There’s a new way to buy and read e-books. Last Friday Amazon launched its Kindle Unlimited subscription service in the US (only, for now) where readers can upload as many books as they wish for just $9.99 per month (that would be about £7.50 in the UK). This service seems a good deal for readers like me, who can consume 4-5 books per month (and download at least twice as many). What’s more, to launch the service, Amazon are offering it free for the first month.
But what about authors? On the face of it, the Kindle Unlimited service could be good news to writers too. Especially for us indie writers who have published their works exclusive through Amazon. The rights and wrongs of this one channel publishing can be discussed, but for me, it’s all about the balance between time I spend writing versus time spent doing publishing and marketing tasks. Listing my novels on KDP Select means that I do not have to format my ebooks for several platforms, or check several channels for sales, or worry about pricing issues across several sites. Plus the majority of ebook sales across the world are made via Amazon (a figure as high as 90% was quoted to me recently). Like it or not, Amazon is the leading ebook seller at the moment.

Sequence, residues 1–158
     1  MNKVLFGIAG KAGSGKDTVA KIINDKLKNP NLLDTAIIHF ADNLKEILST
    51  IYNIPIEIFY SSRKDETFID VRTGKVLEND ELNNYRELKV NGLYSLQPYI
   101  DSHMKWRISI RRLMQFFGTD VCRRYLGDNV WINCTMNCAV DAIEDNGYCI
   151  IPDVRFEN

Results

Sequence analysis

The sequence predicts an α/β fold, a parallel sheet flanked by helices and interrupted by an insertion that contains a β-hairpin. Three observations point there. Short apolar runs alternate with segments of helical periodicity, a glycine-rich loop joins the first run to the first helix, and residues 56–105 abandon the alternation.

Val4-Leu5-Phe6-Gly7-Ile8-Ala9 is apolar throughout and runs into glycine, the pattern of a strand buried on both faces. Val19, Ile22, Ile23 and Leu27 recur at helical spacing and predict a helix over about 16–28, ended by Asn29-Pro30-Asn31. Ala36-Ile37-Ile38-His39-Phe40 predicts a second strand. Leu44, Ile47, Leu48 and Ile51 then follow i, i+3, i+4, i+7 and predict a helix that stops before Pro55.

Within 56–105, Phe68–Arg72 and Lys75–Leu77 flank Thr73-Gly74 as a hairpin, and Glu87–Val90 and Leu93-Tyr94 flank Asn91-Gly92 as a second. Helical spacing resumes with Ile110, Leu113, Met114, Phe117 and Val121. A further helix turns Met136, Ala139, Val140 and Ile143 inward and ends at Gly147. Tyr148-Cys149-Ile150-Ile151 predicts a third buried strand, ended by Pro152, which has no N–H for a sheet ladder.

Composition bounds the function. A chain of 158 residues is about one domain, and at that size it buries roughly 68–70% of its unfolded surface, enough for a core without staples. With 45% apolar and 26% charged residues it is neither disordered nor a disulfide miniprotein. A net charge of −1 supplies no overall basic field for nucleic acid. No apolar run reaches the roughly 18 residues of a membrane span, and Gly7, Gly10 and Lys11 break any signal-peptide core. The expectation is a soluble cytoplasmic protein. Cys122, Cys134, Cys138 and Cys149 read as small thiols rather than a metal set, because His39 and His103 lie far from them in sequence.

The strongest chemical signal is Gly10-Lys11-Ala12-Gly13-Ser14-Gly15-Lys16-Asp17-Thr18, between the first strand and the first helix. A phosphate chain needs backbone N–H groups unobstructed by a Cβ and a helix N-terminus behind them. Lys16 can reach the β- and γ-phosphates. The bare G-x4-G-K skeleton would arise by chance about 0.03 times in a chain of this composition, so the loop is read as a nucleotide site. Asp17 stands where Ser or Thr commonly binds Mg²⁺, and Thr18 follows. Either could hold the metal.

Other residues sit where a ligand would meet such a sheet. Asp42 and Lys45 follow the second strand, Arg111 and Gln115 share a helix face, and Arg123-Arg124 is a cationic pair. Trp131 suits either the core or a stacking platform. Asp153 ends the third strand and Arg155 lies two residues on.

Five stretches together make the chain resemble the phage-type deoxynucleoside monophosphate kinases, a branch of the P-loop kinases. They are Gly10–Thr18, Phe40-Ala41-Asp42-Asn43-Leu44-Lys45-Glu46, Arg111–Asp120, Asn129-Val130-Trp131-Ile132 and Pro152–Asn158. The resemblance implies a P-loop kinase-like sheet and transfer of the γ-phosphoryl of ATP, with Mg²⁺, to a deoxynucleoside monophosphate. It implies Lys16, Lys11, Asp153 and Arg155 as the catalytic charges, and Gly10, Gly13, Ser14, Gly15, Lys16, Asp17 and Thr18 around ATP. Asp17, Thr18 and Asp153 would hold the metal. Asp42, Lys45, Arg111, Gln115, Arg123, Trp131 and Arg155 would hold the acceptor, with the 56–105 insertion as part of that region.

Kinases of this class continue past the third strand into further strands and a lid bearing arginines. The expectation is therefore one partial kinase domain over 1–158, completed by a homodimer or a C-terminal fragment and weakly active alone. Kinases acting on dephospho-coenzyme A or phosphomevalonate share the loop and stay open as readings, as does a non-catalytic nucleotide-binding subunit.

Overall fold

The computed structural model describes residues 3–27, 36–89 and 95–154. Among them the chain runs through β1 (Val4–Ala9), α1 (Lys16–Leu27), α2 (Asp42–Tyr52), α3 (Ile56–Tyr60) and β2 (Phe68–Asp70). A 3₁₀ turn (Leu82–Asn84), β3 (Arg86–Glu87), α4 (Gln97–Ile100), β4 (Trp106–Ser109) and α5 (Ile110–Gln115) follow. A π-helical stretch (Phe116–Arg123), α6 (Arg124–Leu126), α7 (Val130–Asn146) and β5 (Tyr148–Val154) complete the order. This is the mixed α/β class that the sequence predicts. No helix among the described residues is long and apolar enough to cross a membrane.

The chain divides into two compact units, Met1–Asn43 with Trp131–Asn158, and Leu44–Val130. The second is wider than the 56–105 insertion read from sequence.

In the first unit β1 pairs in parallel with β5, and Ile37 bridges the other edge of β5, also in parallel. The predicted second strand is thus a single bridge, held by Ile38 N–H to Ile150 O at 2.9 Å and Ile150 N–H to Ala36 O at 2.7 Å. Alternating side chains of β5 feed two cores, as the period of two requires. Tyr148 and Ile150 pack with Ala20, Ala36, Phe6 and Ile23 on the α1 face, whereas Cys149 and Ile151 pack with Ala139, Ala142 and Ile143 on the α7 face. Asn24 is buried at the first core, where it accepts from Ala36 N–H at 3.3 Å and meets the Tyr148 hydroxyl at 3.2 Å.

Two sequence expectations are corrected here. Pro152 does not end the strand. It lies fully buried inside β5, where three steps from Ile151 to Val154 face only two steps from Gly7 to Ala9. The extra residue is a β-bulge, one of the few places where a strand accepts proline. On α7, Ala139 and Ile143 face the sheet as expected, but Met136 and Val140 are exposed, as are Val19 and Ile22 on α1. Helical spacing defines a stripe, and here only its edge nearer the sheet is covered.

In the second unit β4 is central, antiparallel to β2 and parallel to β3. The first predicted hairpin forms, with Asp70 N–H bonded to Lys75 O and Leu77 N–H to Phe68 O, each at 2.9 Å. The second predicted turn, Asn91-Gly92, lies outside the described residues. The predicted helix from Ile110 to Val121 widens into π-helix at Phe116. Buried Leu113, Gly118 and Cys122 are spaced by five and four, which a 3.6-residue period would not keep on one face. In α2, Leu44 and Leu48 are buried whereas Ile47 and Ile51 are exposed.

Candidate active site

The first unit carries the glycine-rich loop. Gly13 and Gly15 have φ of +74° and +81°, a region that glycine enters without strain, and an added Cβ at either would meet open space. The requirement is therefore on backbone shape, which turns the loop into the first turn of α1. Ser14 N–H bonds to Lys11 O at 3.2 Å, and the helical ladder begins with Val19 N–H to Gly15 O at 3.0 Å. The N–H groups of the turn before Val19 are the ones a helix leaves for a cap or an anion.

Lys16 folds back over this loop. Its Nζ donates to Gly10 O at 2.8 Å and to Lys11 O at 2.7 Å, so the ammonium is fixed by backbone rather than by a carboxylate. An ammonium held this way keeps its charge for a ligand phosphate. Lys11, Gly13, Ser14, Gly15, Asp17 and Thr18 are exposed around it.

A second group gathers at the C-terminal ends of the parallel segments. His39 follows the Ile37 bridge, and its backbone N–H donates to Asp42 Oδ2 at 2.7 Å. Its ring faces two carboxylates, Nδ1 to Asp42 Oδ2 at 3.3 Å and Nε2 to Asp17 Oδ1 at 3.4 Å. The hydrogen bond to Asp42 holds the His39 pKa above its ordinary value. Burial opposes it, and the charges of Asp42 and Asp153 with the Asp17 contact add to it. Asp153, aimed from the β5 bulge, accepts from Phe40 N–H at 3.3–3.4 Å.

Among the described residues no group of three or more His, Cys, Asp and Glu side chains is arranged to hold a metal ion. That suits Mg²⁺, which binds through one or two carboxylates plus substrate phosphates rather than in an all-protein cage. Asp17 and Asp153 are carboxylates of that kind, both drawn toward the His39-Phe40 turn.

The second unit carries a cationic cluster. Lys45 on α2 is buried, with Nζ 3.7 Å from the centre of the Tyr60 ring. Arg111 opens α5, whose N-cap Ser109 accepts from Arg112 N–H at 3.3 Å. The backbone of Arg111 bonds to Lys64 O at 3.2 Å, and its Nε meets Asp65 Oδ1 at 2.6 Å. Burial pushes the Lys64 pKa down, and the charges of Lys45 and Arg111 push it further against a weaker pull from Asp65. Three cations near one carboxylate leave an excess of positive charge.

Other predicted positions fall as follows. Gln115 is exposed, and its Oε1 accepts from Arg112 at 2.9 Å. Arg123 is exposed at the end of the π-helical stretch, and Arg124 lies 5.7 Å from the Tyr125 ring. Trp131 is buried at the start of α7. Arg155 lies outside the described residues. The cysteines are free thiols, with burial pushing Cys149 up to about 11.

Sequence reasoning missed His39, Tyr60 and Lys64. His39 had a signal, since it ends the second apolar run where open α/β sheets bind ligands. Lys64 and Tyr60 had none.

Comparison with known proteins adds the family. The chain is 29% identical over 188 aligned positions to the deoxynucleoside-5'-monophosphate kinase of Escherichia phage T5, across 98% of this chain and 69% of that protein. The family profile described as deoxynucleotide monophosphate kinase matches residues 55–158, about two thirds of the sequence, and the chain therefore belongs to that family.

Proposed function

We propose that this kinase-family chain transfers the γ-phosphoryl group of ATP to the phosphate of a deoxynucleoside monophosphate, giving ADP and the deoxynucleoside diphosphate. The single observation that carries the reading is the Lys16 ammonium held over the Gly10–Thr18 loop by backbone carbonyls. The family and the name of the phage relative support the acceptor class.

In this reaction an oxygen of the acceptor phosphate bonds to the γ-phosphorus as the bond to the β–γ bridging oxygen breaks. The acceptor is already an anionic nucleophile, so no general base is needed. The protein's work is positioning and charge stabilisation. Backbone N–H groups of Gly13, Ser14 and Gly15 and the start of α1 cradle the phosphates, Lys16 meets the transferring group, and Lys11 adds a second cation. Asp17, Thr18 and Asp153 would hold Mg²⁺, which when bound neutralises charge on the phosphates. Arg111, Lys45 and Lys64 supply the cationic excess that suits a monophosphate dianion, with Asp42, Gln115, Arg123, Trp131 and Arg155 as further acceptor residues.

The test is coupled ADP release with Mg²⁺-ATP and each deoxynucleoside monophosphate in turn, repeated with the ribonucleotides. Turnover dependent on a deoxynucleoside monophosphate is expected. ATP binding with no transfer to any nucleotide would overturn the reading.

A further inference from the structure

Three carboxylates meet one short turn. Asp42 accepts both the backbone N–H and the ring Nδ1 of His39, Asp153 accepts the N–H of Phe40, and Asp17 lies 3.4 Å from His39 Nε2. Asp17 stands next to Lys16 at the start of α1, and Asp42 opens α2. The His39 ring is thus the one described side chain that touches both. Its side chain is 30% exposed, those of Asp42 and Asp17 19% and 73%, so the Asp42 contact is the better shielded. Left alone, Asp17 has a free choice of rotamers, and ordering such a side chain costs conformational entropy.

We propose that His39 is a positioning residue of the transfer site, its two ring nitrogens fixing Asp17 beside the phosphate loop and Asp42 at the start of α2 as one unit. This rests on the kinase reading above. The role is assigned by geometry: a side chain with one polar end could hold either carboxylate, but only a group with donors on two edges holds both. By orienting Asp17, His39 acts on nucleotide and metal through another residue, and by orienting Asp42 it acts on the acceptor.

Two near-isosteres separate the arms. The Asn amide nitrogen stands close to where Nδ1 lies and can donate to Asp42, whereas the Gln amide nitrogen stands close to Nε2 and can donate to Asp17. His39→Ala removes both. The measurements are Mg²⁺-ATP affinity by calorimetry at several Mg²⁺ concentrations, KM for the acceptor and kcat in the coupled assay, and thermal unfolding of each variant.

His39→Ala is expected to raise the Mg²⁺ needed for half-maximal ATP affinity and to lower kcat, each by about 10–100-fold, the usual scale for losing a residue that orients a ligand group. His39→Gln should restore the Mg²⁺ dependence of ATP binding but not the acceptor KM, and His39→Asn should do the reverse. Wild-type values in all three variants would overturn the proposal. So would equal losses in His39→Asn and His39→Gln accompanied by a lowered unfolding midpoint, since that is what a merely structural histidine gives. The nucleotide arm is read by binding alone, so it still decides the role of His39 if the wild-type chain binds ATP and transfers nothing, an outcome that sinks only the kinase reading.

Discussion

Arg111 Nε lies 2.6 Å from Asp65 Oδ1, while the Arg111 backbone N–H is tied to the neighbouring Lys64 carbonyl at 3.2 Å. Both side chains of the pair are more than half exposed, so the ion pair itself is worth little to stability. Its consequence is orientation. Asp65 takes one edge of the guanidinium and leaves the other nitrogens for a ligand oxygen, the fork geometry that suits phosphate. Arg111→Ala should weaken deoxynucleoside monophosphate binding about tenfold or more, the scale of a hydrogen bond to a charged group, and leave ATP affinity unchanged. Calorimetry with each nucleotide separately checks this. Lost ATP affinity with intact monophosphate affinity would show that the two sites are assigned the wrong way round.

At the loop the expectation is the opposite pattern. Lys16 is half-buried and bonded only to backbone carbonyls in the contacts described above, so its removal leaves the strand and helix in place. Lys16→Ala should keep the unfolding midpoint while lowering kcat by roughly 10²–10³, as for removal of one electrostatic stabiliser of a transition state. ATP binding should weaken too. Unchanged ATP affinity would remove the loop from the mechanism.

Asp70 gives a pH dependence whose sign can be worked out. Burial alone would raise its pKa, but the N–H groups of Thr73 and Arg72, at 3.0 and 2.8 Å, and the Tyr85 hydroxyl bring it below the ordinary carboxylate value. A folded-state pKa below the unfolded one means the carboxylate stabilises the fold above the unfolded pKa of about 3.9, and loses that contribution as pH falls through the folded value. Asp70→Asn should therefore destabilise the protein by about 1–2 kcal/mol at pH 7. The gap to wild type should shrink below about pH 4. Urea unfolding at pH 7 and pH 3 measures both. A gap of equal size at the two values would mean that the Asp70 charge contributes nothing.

As I am already a KDP Select author, I am automatically listed on the present lending service which Amazon runs and where readers can download a free book per month. My books will also be automatically listed for this new Kindle Unlimited subscription service.
In the indie authors’ online community the general reaction to this new service has been mixed. Many just do not know what will happen but, being that I am an optimist, I can see several benefits.
For one, a new service will increase reading and ebook purchasing. Merely the launch of a new service, and the positive publicity involved in its launch, will increase book sales on Amazon, which is good news for me. (I know, I know, it goes against the grain to admit that one online bookseller giant is good news, but unfortunately for us KDP Select writers this is the case).
Amazon has said that each 10% read of any book which has been downloaded under the unlimited service will count as a sale, as opposed to the mere download of a title, as happens now. If this 10% also works in the all important algorithms, this is even better news for mid-list writers like me. (This 10% is also about the same length as is offered as a free sample at the moment, without this sample download showing up on any statistics, as far as I know) For any 10% read of my books, I get a share of the total Amazon global lending fund, which for July stands at $2 million. I’ve calculated roughly that I could earn even more per book then the 70% I do now. So that’s all good too.
Can it be, that both readers and writers will win from this new Kindle Unlimited Subscription Service?
We’ll wait and see. In the meantime, if you are in the US and have taken advantage of the Kindle Unlimited service, you can find my books on it. Just click here!
For more on this new Amazon book subscription service, read this excellent blog post by David Gaughran here.